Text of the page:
The Works of William Shakespeare [Cambridge Edition] [Vol. 8 of 9] - Booklify
This copy wanted the last leaf containing the 22 concluding lines. A second copy, wanting the title-page but otherwise perfect, was discovered in 1856 by Mr W. H. Rooney of Dublin. 'It was bought,' says Mr Timmins, 'by Mr Rooney from a student of Trinity College, Dublin, who had brought it from Nottinghamshire with his other books. After reprinting the last leaf, Mr Rooney sold the pamphlet to Mr Boone for £70, from whom Mr J. O. Halliwell bought it for £120, and it is now in the British Museum.'

We have reprinted this edition, and recorded in foot-notes the few discrepancies which are found between the two copies.

An extremely accurate reprint was made from the Devonshire copy in 1825, and it was lithographed in facsimile, with the addition of the missing leaf, in 1858, under the direction of Mr Collier and at the expense of the Duke. In 1860 Mr J. Allen, Junr., reprinted this edition and the Quarto of 1604, placing the corresponding passages as nearly as possible on opposite pages, with a preface by Mr Samuel Timmins.

The edition of 1603 is obviously a very imperfect reproduction of the play, and there is every reason to believe that it was printed from a manuscript surreptitiously obtained. This manuscript may have been compiled in the first instance from short hand notes taken during the representation, but there are many errors in the printed text which seem like errors of a copyist rather than of a hearer. Compare for example lines 37, 38 of Scene iii. of our Reprint, p. 205, with the corresponding lines of the more perfect drama as it was printed in the Quarto of 1604, Act i. Scene 3, lines 73, 74, p. 26.

In the Quarto of 1603 the passage runs thus:

And they of France of the chiefe rancke and station

Are of a most select and generall chiefe in that:

In that of 1604:

'And they in Fraunce of the best ranck and station,

Or of a most select and generous, chiefe in that:'

It is clear that the corruption in both passages is due to an error in the transcript from which both were copied. Probably the author had originally written:


'And they in France of the best rank and station

Are most select and generous in that:'

and then given between the lines or in the margin, 'of,' 'chief', meaning these as alternative readings for 'in' and 'best' in the first line. The transcriber by mistake inserted them in the second line. A few lines above both Quartos give 'courage' for 'comrade,' a mistake due undoubtedly to the eye and not to the ear.

We believe then that the defects of the manuscript from which the Quarto of 1603 was printed had been in part at least supplemented by a reference to the authentic copy in the library of the theatre. Very probably the man employed for this purpose was some inferior actor or servant, who would necessarily work in haste and by stealth, and in any case would not be likely to work very conscientiously for the printer or bookseller who was paying him to deceive his masters.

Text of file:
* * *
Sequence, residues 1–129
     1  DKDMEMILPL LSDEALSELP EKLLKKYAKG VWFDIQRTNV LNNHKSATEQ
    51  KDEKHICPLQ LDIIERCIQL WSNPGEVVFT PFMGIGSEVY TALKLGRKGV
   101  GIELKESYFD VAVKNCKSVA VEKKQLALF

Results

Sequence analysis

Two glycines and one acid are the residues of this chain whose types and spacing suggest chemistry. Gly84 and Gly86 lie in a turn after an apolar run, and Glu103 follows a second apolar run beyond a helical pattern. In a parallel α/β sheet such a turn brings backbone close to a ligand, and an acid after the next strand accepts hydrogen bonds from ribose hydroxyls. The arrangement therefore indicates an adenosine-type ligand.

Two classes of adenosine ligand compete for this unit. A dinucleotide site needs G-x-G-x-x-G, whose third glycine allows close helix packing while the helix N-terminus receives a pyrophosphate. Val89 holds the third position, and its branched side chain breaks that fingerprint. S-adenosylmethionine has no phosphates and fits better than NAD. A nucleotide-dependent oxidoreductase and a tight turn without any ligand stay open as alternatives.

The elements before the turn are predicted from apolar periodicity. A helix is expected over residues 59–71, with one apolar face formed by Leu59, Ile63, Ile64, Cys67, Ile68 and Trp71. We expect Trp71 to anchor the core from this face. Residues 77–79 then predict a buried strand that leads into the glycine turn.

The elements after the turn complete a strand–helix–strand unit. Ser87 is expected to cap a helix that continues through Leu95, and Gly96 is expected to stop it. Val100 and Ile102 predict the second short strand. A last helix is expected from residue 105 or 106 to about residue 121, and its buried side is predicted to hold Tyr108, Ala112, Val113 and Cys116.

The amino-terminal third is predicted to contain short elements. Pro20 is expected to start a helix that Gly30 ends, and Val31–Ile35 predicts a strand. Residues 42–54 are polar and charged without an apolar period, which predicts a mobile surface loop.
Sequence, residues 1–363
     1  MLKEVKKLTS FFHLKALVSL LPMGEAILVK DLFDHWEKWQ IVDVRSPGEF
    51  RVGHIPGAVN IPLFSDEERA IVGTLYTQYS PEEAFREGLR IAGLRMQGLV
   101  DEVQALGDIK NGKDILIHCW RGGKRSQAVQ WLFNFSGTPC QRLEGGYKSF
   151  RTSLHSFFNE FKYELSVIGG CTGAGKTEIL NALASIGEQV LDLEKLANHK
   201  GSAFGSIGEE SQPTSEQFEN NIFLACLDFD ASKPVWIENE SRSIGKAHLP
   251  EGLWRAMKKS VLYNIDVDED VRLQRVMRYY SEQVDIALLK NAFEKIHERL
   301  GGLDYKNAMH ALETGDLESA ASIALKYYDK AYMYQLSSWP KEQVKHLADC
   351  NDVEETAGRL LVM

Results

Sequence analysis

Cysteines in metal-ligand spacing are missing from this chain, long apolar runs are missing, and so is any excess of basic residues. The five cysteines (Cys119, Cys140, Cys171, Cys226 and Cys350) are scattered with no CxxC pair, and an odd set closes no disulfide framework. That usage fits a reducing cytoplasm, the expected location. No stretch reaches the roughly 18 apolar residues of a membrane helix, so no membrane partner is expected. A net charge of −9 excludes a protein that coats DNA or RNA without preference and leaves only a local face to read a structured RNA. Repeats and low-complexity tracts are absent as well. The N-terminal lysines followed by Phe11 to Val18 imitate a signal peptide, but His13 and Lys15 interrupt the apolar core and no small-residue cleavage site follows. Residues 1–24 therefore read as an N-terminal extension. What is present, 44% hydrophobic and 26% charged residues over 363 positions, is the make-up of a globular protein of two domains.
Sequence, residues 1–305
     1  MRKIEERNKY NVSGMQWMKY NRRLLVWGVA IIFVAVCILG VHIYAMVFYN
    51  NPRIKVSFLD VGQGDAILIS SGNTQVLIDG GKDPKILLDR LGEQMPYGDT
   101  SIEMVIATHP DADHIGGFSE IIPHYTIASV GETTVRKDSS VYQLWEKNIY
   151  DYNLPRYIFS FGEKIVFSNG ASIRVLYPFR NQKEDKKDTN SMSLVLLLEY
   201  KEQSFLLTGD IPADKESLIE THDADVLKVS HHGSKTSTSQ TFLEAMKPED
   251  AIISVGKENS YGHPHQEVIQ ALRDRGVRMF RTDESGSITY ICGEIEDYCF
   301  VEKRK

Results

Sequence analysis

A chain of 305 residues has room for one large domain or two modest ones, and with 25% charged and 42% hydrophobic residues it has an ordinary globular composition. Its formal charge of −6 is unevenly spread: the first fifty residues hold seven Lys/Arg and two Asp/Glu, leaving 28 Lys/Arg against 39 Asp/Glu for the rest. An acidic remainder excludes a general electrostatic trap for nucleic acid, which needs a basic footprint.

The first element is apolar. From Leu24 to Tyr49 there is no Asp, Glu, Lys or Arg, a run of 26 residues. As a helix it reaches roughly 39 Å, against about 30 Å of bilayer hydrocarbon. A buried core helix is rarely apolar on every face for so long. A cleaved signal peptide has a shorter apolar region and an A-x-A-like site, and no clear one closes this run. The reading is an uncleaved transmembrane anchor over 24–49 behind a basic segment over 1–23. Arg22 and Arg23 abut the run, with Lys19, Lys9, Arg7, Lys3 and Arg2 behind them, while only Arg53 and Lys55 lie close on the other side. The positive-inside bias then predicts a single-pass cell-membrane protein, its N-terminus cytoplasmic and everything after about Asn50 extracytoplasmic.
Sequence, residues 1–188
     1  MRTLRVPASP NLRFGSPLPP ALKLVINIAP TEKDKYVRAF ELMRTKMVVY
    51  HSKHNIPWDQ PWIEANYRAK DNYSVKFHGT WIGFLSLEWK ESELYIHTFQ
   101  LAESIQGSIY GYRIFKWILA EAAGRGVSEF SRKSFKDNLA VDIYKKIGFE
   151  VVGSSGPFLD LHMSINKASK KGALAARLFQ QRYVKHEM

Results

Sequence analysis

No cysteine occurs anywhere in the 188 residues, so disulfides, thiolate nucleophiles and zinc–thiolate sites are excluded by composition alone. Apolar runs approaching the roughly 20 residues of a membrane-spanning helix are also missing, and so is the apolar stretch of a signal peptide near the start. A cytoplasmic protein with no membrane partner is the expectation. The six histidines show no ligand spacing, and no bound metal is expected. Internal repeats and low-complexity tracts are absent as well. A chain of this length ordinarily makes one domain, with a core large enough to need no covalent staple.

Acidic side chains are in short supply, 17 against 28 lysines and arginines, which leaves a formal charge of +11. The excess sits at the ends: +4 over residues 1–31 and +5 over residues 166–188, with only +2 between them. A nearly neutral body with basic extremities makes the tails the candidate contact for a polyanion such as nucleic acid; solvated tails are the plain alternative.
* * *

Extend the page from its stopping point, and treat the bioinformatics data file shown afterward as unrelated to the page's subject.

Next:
The Quarto of 1604, which we call Q2, has the following title-page:

THE | Tragicall Historie of | Hamlet, | Prince of Denmarke. | By William Shakespeare. | Newly imprinted and enlarged to almost as much | againe as it was, according to the true and perfect | Coppie. | At London, | Printed by I. R. for N. L. and are to be sold at his | shoppe vnder Saint Dunstons Church in | Fleetstreet. 1604.

The printer 'I. R.' was no doubt, as Mr Collier says, James Roberts, who had made an entry in the books of the Stationers' company as early as July 26, 1602, of 'A booke, The Revenge of Hamlett prince of Denmarke, as yt was latelie acted by the Lord Chamberleyn his servantes.'

For some unknown reason the projected edition was delayed, and in the mean time the popularity of the play encouraged N. L., i.e. Nicholas Ling, and the other publisher, Trundell, to undertake a surreptitious edition.

In the interval between the two editions Shakespeare seems to have changed the names of some of his Dramatis Personæ, substituting 'Polonius' for 'Corambis' and 'Reynaldo' for 'Montano.' He may also have changed the order of one or two scenes, and here and there erased or inserted a few lines, but we think that no substantial change was made, and that the chief differences between (Q1) and Q2 are only such as might be expected between a bona fide, and a mala fide, transcription.

The Quarto of 1605, which we call Q3, is not, properly speaking, a new edition, being printed from the same forms as Q2, and differing from it no more than one copy of the same edition may differ from another. The title-page differs only in the date, where 1605 is substituted for 1604.

Another Quarto, our Q4, printed in 1611, bears a title-page which does not substantially differ from that of Q3, except that it is said to be:

'Printed for Iohn Smethwicke, and are to be sold at his shoppe | in Saint Dunstons Church-yeard in Fleetstreet. | Under the Diall. 1611. |'